Awardees | Christopher Jencks, Malcolm Wiener Professor of Social Policy, and Beth Truesdale, Ph.D. candidate in Sociology, are among the 19 new grantees in the Washington Center for Equitable Growth's 2016 class. Jencks and Truesdale will investigate "The effects of income inequality on health disparities in the United States." Jencks and Truesdale hypothesize that some of the correlation between income inequality and health outcomes is causal, running from inequality to health, and will seek to identify the causal mechanisms.
"Uncovering the causal channels between inequality and health would be an important contribution," the award citation notes, "particularly in light of recent research examining the relationship between income and life expectancy." This research is co-funded by the Russell Sage Foundation.
Awardee | Ellora Derenoncourt, Ph.D. candidate in Economics, is the recipient of a Louis O. Kelso fellowship from the Rutgers School of Management and Labor Relations for 2016-2017. Rutgers has selected 30 fellows to study broad-based employee ownership and profit-sharing in corporations. Derenoncourt will research the effects of differential levels of employee ownership benefits on employee satisfaction and quit rates.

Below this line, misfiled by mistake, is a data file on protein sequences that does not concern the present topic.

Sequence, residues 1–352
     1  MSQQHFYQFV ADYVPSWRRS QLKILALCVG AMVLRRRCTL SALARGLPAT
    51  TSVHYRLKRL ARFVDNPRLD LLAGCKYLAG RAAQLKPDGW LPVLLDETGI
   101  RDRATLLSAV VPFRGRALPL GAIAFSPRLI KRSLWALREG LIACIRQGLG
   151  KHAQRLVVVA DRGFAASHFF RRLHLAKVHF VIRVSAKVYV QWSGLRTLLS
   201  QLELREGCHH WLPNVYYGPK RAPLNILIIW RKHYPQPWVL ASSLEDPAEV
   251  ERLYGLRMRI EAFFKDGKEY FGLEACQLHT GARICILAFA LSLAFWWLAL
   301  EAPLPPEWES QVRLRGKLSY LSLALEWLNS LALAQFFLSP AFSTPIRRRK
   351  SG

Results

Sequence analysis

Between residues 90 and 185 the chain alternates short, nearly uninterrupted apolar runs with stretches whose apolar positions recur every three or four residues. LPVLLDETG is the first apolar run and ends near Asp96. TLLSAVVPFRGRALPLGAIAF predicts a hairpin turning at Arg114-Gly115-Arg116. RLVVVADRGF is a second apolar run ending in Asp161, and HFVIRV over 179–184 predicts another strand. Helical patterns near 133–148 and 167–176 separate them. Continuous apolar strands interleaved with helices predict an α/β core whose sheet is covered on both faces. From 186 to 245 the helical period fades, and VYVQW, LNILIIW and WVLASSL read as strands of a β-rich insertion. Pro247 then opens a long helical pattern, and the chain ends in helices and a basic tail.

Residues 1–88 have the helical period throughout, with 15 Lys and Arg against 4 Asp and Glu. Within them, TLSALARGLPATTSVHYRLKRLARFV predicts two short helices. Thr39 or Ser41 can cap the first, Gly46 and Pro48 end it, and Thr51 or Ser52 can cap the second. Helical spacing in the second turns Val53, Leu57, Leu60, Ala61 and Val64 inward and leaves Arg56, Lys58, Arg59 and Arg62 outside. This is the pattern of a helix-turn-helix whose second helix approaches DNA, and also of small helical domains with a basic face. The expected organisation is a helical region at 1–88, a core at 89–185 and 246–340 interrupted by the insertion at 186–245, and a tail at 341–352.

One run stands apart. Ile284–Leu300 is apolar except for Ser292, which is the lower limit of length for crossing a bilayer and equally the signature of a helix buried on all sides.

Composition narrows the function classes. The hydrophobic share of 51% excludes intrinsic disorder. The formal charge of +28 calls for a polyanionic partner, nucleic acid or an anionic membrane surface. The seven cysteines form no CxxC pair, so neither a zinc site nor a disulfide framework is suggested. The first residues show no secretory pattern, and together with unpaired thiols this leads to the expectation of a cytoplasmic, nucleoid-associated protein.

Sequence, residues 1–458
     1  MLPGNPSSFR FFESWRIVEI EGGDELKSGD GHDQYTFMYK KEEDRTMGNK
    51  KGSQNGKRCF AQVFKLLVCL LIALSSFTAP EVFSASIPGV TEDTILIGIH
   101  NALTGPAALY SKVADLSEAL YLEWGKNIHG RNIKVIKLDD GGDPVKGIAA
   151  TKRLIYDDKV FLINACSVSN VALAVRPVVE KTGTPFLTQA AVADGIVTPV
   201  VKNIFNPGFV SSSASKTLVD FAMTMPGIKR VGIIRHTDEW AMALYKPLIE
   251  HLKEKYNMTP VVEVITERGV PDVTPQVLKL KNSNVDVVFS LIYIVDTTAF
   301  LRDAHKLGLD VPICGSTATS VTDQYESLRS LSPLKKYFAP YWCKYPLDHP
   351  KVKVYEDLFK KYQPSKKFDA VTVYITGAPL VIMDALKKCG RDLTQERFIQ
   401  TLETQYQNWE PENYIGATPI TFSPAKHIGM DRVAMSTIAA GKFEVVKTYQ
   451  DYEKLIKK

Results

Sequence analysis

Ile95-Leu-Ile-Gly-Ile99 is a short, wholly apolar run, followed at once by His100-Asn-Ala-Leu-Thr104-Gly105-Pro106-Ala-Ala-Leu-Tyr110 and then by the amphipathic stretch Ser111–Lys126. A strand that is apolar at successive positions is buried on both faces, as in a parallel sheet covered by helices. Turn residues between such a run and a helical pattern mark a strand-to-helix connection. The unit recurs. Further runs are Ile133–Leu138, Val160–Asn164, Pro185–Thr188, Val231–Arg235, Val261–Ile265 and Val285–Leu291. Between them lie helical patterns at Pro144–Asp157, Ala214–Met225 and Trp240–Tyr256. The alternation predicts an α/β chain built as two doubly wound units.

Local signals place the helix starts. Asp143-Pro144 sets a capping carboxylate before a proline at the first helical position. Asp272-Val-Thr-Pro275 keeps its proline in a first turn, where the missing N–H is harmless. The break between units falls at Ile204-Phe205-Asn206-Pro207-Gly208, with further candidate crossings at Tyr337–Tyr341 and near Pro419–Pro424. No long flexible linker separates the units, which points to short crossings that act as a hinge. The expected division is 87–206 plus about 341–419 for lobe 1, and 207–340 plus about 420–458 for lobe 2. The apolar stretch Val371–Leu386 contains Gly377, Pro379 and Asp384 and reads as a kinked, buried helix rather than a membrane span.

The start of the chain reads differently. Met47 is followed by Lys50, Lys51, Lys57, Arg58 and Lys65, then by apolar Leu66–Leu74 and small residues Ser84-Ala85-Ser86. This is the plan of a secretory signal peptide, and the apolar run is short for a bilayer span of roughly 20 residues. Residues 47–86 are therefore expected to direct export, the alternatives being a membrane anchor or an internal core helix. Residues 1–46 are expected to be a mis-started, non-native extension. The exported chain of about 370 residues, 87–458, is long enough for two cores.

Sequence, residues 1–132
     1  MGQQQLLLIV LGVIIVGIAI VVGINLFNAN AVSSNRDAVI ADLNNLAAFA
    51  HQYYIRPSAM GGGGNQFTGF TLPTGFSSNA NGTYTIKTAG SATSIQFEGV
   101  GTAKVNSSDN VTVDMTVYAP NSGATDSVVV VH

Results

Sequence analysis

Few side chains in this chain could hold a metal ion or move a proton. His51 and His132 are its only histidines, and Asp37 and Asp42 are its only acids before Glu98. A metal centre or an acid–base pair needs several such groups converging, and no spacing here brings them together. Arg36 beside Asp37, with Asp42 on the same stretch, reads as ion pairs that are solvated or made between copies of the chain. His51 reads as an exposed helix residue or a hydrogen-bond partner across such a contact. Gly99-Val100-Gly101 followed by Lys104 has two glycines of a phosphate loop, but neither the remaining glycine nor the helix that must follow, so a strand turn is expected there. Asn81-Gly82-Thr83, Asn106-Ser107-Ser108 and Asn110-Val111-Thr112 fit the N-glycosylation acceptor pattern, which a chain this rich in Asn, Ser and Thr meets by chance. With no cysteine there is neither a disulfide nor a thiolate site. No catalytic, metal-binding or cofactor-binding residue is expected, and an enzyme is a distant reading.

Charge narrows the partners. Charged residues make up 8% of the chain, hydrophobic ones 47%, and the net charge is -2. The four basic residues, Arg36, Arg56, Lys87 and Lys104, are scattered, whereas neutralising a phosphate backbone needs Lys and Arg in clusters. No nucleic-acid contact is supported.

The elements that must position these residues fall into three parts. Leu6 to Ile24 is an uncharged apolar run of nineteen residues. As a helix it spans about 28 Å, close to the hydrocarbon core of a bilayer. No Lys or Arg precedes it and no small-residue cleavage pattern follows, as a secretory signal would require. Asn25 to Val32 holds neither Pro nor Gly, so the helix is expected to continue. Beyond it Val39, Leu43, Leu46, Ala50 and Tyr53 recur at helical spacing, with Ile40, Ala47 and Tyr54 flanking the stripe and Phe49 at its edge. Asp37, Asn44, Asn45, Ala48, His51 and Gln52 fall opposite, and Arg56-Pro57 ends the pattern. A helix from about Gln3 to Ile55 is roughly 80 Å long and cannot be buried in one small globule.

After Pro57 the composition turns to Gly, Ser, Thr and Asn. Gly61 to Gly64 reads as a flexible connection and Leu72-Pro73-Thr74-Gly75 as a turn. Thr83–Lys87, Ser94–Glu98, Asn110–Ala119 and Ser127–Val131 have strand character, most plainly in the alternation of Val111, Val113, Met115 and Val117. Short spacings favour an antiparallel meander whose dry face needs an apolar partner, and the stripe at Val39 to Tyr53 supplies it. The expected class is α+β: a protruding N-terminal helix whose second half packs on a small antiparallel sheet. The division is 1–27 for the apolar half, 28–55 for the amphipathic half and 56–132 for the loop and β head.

Harvard Magazine | James Biblarz, Ph.D. student in Sociology and Social Policy and a tutor in Eliot House, received the Undergraduate Council’s John R. Marquand Prize for exceptional advising and counseling. The prize, awarded annually in May, recognizes an individual "who contributes to the quality of undergraduate life and education," with a focus on those who bring "skill and generosity in advising, counseling, and helping students.”
Awardee | Sarah James, Ph.D. student in Government and Social Policy, has been selected to participate in The Tobin Project as a 2016 Graduate Student Fellow. The Tobin Project's Graduate Student Fellows program, which draws students from universities across the country, supports student research on real-world problems in the social sciences by providing research workshops and research fellowships to enable students to carry out a specific project. James will pursue research on "Race and Street-Level Bureaucracy in Schools: An Examination of Texas’ School-based Police Forces." Read more about Sarah James's work at her homepage.
Awardee | Asad L. Asad, Ph.D. candidate in Sociology, is one of three Harvard University doctoral students selected to be a Graduate Student Fellow in the 2016-2017 class of Radcliffe Fellows at the Radcliffe Institute for Advanced Study. Asad will spend the year completing his dissertation, Living in the Shadows? Reconsidering How Immigrants Experience Enforcement Policy, with a Radcliffe Institute Dissertation Completion Fellowship. Learn more about Asad's work at his homepage.